You have probably seen the news that some physicists think they have a new twist on Schrödinger’s cat. In the famous example, the cat is both alive and dead at the same time inside a box. Maxim Osipov has a fully Russian variation in a story called “The Gypsy.” It involves a doctor going to an airport in Sheremetyevo and a conversation the doctoro has with the “security” guys:
Now he’ll hear – for the nth time – their story about an American girl who traveling with a kitty cat – they put them in special carriers, for the belly of the plane – and the kitty cat died. The baggage handlers at Sheremetyevo didn’t want any trouble, so they threw the carcass in the trash and replaced it with some cat they caught near the airport. The American girl got into a huff and insisted it wasn’t her kitty – because her kitty had been dead, and she was taking her home to bury her. She was returning from some town, maybe Chelyabinsk. Last time the story was different: the American with the dead cat had flown in from Philadelphia. Today’s version was more believable, but it was still a lie, of course. The “security” guys call Americans “Americunts” and “Amerifucks” – ridiculous words, and they’ve never been to America – but he still laughs every time.
Coincidences sometimes bring illumination. “Good Omens” made it to Netflix at the same time the Pope decided that an old prayer needed to be changed to make God look better. The Pope decided that we couldn’t have a prayer that said God leads people into temptation (“lead us not into temptation”). It’s a familiar picture of God that forgets about the prohibition given to Adam and Even about the Tree of the Knowledge of Good and Evil, about the flood, about Sodom and Gomorrah, about the temptation of Jesus in the desert. Meanwhile, The Guardian publishes a story about “Good Omens” in which Neil Gaiman tells us that the beauty of “Good Omens” is in the way it doesn’t attempt to depict authorities, including God, as utterly benevolent.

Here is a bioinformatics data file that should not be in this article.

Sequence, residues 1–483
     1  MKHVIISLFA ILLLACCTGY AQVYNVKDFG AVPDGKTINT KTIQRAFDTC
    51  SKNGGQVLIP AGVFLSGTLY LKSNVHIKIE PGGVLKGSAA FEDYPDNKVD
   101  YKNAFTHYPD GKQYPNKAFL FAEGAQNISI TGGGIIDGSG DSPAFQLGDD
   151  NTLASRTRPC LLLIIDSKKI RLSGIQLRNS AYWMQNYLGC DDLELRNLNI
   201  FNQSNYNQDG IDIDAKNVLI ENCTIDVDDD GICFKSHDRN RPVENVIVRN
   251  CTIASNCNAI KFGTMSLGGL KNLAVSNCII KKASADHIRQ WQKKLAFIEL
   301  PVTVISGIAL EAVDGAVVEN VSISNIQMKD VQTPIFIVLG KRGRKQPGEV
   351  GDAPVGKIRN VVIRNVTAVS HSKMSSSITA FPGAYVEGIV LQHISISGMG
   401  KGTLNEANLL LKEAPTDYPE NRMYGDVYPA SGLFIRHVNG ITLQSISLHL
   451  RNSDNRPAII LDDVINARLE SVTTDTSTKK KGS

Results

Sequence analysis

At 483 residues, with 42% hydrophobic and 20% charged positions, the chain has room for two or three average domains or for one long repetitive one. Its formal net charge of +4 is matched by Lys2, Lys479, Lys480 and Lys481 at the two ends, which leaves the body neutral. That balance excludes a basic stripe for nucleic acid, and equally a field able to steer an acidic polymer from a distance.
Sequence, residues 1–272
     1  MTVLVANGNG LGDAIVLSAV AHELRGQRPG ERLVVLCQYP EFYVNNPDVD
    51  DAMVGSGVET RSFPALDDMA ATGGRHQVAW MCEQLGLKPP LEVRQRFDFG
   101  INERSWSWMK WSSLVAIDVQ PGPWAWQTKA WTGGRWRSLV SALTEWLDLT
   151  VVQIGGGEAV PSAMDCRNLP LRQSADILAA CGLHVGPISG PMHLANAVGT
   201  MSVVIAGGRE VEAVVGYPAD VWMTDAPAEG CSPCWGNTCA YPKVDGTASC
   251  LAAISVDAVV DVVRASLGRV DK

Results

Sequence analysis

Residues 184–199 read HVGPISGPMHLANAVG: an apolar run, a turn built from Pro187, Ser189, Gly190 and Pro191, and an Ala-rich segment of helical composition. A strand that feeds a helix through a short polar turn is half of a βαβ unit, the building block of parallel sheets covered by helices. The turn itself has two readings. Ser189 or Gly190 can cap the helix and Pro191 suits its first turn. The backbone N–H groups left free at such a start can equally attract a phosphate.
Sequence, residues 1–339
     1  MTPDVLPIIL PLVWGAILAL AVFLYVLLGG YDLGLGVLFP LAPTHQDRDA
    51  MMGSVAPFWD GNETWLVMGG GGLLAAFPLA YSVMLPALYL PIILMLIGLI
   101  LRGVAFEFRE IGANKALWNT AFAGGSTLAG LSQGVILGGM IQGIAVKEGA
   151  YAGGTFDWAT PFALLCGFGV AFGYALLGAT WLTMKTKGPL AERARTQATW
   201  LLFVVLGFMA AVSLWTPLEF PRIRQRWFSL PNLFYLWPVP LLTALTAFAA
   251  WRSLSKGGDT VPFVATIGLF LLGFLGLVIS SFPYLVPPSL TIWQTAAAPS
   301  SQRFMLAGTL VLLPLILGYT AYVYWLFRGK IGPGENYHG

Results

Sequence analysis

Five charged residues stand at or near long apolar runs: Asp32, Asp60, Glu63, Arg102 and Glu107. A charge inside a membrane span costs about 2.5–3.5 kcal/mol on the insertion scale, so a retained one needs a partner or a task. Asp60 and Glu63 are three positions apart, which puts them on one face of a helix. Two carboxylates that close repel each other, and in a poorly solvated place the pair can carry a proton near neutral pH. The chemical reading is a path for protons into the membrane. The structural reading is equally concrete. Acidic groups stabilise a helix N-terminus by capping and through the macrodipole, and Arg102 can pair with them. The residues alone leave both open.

[Gaiman] talks with relish about finding out, on a 2010 visit to mainland China, that his children’s books weren’t available there because, according to his publisher, “you show children being wiser than their parents and you show disrespect to authority and you show children doing bad things and getting away with it”. In response, he decided “to write a book which has all of those things in it”, not least “disrespect for the family unit.”
It’s difficult to understand why more people haven’t left Facebook, especially when you read items like the one below. As Edward Snowden said: “Arguing that you don’t care about the right to privacy because you have nothing to hide is no different than saying you don’t care about free speech because you have nothing to say.”
From Ted Chiang’s story “What’s Expected of Us” in Exhalation:
Pretend that you have free will. It’s essential that you behave as if your decisions matter, even though you know they don’t. The reality isn’t important; what’s important is your belief, and believing the lie is the only way to avoid a waking coma. Civilization now depends on self-deception.
The penalty for misconduct in office, according to The Independent, is life in prison. (The penalty in the U.S. is re-election.) Alex Johnson, commonly known as Boris, uttered some whoppers as a Brexiteer, statements that ended up on the side of a bus, for example. Given Alex’s propensity for never having an unpublicized thought, his statements are well documented. It’s difficult to imagine how the trial could go in his favor. However, the old saying goes, “In law, nothing is certain except the expense.”
The Sydney Morning Herald has an article that attempts to explain why we are awash in blowhards, lies, deceptions, incompetence, and corruption.
It’s vital to remember that in most instances of what looks like bone-headed idiocy, poor or deceptive conduct or even, self-deception, someone somewhere is actually making money.
In the U.S., Memorial Day weekend is coming up, and I have great reading on the horizon. Finishing up Drive Your Plow over the Bones of the Dead. After that, it’s Ted Chiang’s Exhalation, and then Maxim Osipov’s Rock, Paper, Scissors and Other Stories. Regarding that last work, you might have seen the article about Osipov in The New Yorker.